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Traditional Seven Layer Salad

There’s not a funeral, baby shower or church potluck in the south that doesn’t have a traditional seven layer salad gracing its table. Usually made by a 70-something named Mable, it’s a beautiful and delicious side dish with its own unique dressing you won’t want to miss.

Seven layer salad in a clear bowl on a plaid napkin.

Seven layer salad goes with monogrammed Pyrex dishes like peanut butter and jelly.

That means it’s a potluck specialty–and for good reason–because it’s delicious. The trick is to make yours in a tall glass bowl or even a trifle dish so that everyone can see the layers.

What’s in a seven layer salad?

That is the most glorious part because really you can make it with any vegetables you have on hand. I find this version to be the most “authentic” and sticks to:

  • iceberg lettuce
  • cheese
  • hard boiled eggs
  • peas
  • tomatoes
  • green onions
  • bacon and dressing

I saw a version that had cauliflower rice in it a while back. Ha! I dare you to serve that to a southern man and see how they like it.

‘Ain’t no cauliflower rice in this version (though I have seen several versions that have cauliflower florets in them).

You can add different ingredients to your own seven layer salad version if you would like to, but be careful how much you stray.

Making your seven layer salad in advance

Because the ingredients in this version are pretty durable (as in, not delicate) you can easily make this salad one to two days in advance and “seal” the vegetables in with the dressing layer on top, cover it in plastic wrap and refrigerate it.

I made mine two days ahead and then served it and it was just as crispy as when I made it.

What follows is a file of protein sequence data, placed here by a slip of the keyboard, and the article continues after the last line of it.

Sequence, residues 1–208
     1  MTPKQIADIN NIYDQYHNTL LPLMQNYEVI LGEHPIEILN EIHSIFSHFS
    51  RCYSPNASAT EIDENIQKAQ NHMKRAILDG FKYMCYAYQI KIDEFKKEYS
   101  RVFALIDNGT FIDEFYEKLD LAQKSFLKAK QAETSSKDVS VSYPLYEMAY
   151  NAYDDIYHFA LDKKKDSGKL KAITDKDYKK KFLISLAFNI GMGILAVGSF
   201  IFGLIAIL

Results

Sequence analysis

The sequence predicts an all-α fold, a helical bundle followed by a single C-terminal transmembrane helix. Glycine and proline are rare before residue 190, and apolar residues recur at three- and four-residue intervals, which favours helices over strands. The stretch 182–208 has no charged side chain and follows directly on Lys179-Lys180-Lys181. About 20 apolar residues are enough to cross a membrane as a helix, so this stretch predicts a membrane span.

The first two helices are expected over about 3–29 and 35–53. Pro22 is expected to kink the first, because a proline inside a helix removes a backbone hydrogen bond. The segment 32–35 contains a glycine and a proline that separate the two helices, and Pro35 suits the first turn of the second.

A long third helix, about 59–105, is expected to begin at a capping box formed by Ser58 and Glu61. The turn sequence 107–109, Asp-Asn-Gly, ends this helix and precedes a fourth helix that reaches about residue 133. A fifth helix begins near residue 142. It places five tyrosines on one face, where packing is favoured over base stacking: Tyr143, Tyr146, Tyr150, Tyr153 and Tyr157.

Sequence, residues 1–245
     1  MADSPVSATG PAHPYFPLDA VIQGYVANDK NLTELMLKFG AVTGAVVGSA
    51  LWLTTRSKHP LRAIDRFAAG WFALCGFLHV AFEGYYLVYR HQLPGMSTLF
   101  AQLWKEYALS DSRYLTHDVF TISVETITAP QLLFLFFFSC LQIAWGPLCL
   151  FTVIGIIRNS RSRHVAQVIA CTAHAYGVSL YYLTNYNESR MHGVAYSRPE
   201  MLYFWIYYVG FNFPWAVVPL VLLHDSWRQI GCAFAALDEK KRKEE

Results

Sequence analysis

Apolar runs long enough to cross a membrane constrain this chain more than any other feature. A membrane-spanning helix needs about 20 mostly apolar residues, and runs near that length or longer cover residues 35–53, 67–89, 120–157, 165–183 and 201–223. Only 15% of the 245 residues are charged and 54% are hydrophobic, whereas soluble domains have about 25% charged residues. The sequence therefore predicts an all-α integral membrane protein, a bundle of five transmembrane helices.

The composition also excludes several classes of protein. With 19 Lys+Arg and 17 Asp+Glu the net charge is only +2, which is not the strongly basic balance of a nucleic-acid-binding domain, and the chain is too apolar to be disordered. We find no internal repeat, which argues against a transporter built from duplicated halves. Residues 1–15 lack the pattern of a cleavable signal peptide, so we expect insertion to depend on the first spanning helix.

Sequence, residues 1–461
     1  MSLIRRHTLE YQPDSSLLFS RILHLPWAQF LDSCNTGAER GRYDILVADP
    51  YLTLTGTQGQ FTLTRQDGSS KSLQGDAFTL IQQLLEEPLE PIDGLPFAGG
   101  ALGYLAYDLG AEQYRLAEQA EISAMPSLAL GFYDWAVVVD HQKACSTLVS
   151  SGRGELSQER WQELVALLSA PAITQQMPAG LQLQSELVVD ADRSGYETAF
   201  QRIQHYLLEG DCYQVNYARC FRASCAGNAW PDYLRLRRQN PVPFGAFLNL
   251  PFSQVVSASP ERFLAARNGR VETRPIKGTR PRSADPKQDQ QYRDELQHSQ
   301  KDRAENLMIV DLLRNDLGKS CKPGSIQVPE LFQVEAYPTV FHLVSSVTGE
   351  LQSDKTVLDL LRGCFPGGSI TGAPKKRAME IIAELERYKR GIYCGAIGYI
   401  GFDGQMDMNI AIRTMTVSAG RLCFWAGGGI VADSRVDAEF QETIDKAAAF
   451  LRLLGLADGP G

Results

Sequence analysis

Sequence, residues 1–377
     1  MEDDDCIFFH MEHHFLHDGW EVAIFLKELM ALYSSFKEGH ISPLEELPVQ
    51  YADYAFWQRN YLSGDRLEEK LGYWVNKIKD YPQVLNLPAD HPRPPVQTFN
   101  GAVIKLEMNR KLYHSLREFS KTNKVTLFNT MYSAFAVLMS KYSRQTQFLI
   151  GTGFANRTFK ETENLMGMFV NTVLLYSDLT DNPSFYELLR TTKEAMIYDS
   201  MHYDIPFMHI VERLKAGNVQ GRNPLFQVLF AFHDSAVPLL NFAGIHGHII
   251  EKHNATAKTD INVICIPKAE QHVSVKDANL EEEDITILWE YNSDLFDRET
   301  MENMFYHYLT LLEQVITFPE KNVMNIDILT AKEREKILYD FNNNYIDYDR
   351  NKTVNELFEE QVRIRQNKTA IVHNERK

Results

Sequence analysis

What bowl will hold the salad?

I use a 4-quart glass bowl. This one is my favorite:

How to mix your seven layer salad for serving

The answer to that is, you don’t. In some places, the whole bowl might be tossed before serving but that’s  scandalous in my neck of the woods.

We use a spoon with a very long handle and encourage people to dig deep, get a little of everything in one scoop and mix it on their plates.

Since the dressing is on the top, they’ll get enough to mix with their veggies. It works, I promise!

And speaking of the dressing, it’s a mix of mayonnaise, sour cream and sugar but don’t panic–it’s not sweet. It’s sort of amazing what that little bit of sugar does in there. Magic, I tell ya.

If you’d like to be even more inspired, check out this list of other creative seven layer salads. 

4 pictures of the steps to making the seven layer salad first picture is iceberg lettuce the second picture is peas over the iceberg lettuce the third picture is of shredded cheese as the next later and the last picture is of a completed seven layer salad in a clear bowl
Seven layer salad in a clear bowl on a plaid napkin.

Traditional Seven Layer Salad